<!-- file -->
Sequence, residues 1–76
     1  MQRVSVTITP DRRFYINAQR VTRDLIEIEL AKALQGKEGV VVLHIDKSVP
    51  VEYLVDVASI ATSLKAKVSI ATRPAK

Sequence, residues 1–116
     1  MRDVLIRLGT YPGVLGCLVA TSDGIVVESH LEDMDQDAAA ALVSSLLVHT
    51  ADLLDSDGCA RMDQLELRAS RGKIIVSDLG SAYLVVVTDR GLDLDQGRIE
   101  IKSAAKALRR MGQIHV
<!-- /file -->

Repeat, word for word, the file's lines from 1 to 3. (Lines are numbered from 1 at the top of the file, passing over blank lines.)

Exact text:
Sequence, residues 1–76
     1  MQRVSVTITP DRRFYINAQR VTRDLIEIEL AKALQGKEGV VVLHIDKSVP
    51  VEYLVDVASI ATSLKAKVSI ATRPAK